This month marks 50 years since Bob Marley and The Wailers came to Hertfordshire and played two shows that were long-forgotten, but not by those who were there.

In 1973, the soon-to-be reggae icons were yet to hit the big time, with financial struggles and a lack of recognition beginning to frustrate them.

Following a release of their fifth studio album, Catch a Fire, they embarked on a UK tour that April in Nottingham and ended in Southampton in late May.


Among the stops made by The Wailers, was a visit to Hatfield Polytechnic on May 2.

The university - now known as the University of Hertfordshire - hosted many big-name performers, but Keith Dean - a resident of the town who saw Bob Marley and The Wailers that night - admitted "no one had heard of them".

Welwyn Hatfield Times: Marley and The Wailers toured the UK to promote their album Catch a Fire.Marley and The Wailers toured the UK to promote their album Catch a Fire. (Image: PA Images)

"Bob handed out Wailers' album Catch a Fire. The sleeve was in the shape of a Zippo lighter, along with stickers," he recalled.

"No one had heard of the Wailers and the audience were all into rock."

Garry Jackson was also in the crowd at Hatfield Polytechnic, and admitted he had "not experienced anything like it before".

"The Wailers had been on the BBC show The Old Grey Whistle Test the night before," he said. 

"I was impressed and surprised that they were playing the Poly the next day.

"Admission was 20 pence, and my mate and I were right in front of the stage. I had really not experienced anything like it before.

"I still have my original copy of Catch a Fire which I bought shortly thereafter."


The Hatfield performance would be followed up with a show in front of a packed crowd at Hitchin Town Hall on May 19.

Dorrel Haynes was among those in attendance, and she described seeing The Wailers as a "privilege" when she spoke to this newspaper back in 2017.

"It was a privilege such an upcoming star came to Hitchin – it was so well attended too," she said.

"We already knew all about the Wailers from Jamaica before he came here, so it was really exciting.

"It was about the same time Desmond Decker and Stevie Wonder also came to Hitchin to play – as it was quite a small town then, it really put Hitchin on the map."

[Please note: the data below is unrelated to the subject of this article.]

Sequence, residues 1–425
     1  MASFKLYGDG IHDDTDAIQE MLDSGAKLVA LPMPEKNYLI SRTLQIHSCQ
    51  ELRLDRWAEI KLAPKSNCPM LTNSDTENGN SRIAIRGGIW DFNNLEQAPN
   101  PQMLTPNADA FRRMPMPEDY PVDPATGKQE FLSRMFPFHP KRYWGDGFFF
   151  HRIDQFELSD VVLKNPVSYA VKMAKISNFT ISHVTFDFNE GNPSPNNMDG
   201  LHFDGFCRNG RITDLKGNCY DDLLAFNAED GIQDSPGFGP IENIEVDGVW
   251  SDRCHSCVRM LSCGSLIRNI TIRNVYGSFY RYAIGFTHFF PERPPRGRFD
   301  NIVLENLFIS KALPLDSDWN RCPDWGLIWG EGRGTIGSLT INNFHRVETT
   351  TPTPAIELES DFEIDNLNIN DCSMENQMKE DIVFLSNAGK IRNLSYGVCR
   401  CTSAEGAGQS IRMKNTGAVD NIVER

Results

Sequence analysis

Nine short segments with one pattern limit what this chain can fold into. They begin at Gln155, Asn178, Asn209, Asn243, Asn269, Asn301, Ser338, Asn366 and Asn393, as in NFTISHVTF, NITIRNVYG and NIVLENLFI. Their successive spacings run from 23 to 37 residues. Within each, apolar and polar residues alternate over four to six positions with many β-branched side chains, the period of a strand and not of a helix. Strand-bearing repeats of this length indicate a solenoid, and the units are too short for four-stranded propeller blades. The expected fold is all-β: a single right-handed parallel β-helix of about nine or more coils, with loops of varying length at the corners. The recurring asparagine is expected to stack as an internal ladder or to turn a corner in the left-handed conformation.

Welwyn Hatfield Times: Bunny Wailer.Bunny Wailer. (Image: Wikimedia Commons)

Just eight days before the show in Hitchin, Bunny Wailer expressed his frustration with the music industry, telling the NME: "We got a few stage shows which weren’t very regular.

"We used to get small bread because promoters as a whole are all for themselves. They don’t want to build no artists, they don’t want to give you anything to build yourself up.

"They want you to work for them all the days of your life without having anything substantial."

But six months on, they would get their big break, releasing their sixth studio album, Burnin', and quickly becoming worldwide stars.


Despite the success of The Wailers, things would take a tragic turn in the coming years.

Peter Tosh and Bunny Wailer would leave the group in 1974, citing their refusal to play "freak clubs" as they believed it would violate their Rastafarian faith.

Then, in late 1976, Marley was shot by a unknown gunman in his home. He survived, but was forced to leave Jamaica and relocate to London.

In July 1977, Marley was diagnosed with a type of malignant melanoma under a toe on his right foot. He refused to have the toe removed despite medical advice, instead opting to have the cancer removed.

He collapsed while jogging around Central Park in 1980, and it was found his cancer had spread to his brain, lungs, and liver.

His health deteriorated as his cancer had spread throughout his body, and despite managing his illness for eight months, he died on May 11, 1981, aged just 36.

Welwyn Hatfield Times: Peter Tosh (left).Peter Tosh (left). (Image: Wikimedia Commons)

More tradegy would follow, as on September 11, 1987, Tosh would be shot and killed by three-man gang who were trying to extort him. He was just 42.

Bunny Wailer, the last surviving member of the original Wailers, died in 2021, aged 73.

In that 1973 interview with NME, he said: "You will have to live forever to know all things. And that’s what we intend on doing."

Marley, Tosh and Wailer might all be gone, but their music and cultural impact certainly lives on.


And the memory of the The Wailers in Hitchin lives on too. 

Friday, May 19 will see Hitchin Town Hall come alive with their music once again, as authentic tribute band The Marley Experience play to a sold-out crowd to mark 50 years since the gig.